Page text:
Oil-base paint is known for taking longer to dry than water-base. Generally, the longer the drying time, the better the paint will flatten out to hide brush marks; however, paint that dries fast allows you to recoat in a timely fashion.  Oil based paints have a very distinct odour that some people find offensive, but when it comes to durability and a silky smooth finish oil-base is difficult to compete with.

Water-base paints, on the other hand, deserve the people’s choice award for paints; it dries rapidly, has a low odour, and is easily cleaned up. With the upcoming ban of oil paints manufacturers are developing “water-based-oil paints”, they demonstrate all the best qualities of oil paints with all the best qualities of latex paints. Sounds to good to be true, lets hope not, we’ve tried it and we like it so far, but the jury is still our on this one, lets see how much longevity we get out of it, after all it’s not the first miracle paint to come along, most of which do not live up to the hype.


5. Gloss
The gloss or the finish of the paint you choose for your room décor has quite an impact on the look of your room. Gloss is determined by the ratio of pigment to binder. Basically, the more binder used in paint, the shinier the finish will be. Finish choices range from flat (dull) to high-gloss (brilliant shine). When looking for paint, be sure to check the finish. Have the salesperson put some paint on a mixing stick and watch it dry to get an idea of what it will look like.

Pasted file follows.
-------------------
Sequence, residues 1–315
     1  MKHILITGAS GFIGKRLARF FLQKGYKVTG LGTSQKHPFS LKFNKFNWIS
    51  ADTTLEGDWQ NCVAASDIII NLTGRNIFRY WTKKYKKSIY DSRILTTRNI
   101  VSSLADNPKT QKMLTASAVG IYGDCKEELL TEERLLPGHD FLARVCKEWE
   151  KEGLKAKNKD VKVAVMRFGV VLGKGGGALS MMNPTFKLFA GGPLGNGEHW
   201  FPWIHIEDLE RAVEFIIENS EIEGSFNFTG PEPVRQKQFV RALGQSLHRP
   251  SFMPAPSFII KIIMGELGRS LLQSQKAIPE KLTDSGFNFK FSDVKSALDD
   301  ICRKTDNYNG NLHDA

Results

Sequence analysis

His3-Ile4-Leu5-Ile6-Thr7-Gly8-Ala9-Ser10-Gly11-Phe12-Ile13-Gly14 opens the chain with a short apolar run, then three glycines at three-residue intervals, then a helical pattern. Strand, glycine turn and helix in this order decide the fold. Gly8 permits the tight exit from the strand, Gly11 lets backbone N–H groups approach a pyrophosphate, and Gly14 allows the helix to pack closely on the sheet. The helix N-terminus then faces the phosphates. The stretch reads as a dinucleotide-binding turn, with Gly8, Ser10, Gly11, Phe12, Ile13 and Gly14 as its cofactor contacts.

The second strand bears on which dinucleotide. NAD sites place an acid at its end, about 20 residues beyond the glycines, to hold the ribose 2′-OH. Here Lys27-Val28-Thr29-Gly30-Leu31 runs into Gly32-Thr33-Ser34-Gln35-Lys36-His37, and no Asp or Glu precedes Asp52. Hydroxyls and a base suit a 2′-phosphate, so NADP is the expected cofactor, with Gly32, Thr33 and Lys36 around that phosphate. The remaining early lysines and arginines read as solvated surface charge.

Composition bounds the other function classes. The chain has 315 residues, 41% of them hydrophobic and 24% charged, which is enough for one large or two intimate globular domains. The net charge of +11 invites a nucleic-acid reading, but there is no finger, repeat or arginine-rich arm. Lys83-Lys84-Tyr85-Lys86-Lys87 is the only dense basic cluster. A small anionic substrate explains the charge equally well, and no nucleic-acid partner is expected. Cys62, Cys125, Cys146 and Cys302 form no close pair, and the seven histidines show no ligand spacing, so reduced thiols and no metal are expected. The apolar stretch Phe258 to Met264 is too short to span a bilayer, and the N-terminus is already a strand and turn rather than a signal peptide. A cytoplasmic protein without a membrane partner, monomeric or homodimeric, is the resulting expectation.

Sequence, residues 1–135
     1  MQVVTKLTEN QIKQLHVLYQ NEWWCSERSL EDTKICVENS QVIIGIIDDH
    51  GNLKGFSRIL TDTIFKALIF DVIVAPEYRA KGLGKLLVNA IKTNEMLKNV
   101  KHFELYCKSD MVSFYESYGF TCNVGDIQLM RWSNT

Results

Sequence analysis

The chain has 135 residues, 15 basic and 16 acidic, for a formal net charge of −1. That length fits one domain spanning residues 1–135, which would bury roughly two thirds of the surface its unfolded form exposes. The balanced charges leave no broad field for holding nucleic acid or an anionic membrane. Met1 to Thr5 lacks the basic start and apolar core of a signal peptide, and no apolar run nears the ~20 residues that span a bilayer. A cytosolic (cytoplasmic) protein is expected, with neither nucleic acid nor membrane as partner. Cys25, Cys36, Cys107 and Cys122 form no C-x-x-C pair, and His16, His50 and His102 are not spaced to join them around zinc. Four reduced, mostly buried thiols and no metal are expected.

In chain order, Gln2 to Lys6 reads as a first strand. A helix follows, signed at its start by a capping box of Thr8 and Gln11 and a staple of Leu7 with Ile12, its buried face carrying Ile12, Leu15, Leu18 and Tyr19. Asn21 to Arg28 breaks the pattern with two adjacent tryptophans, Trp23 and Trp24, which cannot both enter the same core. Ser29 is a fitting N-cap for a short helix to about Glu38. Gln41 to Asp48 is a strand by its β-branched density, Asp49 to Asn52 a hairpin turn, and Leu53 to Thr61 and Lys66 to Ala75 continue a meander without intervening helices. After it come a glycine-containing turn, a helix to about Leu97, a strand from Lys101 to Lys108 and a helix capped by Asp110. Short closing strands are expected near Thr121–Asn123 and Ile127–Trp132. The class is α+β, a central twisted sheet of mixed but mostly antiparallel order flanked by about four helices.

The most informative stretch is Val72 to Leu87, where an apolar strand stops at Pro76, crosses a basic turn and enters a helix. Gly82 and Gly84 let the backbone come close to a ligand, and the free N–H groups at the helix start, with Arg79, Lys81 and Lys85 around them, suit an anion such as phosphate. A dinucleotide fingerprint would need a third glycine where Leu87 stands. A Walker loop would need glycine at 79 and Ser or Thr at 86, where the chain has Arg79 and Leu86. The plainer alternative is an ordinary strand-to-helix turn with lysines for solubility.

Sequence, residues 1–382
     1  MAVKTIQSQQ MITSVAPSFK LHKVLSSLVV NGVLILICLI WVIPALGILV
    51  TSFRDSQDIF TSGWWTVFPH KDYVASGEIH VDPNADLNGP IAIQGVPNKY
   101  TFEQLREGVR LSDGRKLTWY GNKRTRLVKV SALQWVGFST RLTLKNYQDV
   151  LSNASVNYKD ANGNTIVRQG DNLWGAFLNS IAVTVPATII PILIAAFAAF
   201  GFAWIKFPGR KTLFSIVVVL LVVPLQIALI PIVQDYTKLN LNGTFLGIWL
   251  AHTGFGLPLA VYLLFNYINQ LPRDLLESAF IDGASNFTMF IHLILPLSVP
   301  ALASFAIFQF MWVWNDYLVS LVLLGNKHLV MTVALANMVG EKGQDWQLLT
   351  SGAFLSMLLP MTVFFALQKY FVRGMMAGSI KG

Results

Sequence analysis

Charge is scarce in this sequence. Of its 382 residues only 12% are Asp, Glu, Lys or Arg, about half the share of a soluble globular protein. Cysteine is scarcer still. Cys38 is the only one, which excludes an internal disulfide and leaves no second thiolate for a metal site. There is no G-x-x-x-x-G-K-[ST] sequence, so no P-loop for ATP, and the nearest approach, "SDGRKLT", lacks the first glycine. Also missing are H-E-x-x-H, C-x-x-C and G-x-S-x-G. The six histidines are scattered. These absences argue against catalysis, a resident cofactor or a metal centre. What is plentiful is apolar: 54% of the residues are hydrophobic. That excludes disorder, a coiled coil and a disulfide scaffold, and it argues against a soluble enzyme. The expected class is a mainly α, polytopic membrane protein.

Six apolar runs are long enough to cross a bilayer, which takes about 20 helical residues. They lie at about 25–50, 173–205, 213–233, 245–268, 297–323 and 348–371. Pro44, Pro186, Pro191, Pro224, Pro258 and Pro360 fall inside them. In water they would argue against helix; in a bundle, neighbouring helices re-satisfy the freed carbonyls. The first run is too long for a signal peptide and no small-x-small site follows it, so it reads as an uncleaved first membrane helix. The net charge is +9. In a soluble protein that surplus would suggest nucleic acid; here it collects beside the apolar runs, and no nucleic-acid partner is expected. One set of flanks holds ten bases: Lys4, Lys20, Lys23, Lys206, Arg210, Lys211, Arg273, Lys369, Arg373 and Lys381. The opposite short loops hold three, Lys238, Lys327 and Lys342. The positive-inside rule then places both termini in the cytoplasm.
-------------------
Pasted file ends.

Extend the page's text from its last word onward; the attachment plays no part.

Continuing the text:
• Paints with flat or matte finish have no shine and for this reason they hide imperfections in the wall. Unfortunately they are not stain-resistant, but certain paints with matte finish and high stain resistance are also available in the markets.
  • Eggshell paints or velvet-finish paints have very slight gloss or finish. They are soft and convey a warm look to the room. Also, they are easier to clean. They are commonly used for most bedroom and living room décor themes.
  • Paints with satin or semi-gloss finish are commonly used to highlight architectural details and focal points of the home. They are also used in kitchens and baths because they are easy to clean.
  • Very high gloss is quite reflective and should be normally reserved for doors and trims and to create special effects.


6. Primers
Primer is an essential element to a paint job. It is responsible for sealing any well-prepared surface, leaving a solid base ready for paint. Using a primer will make your finish coat look better and last longer by correcting existing surface problems that may lead to premature paint failure. Generally, the only time a primer is not needed is when the surface is in good condition, but even then it couldn’t hurt to use it. Primers can be tinted and used to cover a darker shade and they can also be used to hide slight imperfections in porous surfaces. Be sure to check to see the primer is made for the right surface you’re covering. Using the right primer will increase the quality and durability of your paint job. Primers exist in many forms and serve in a variety of functions. There are 3 basic types to choose from which include:

  • Alkyd - Oil base
  • Acrylic - Latex
  • Tinted Shellac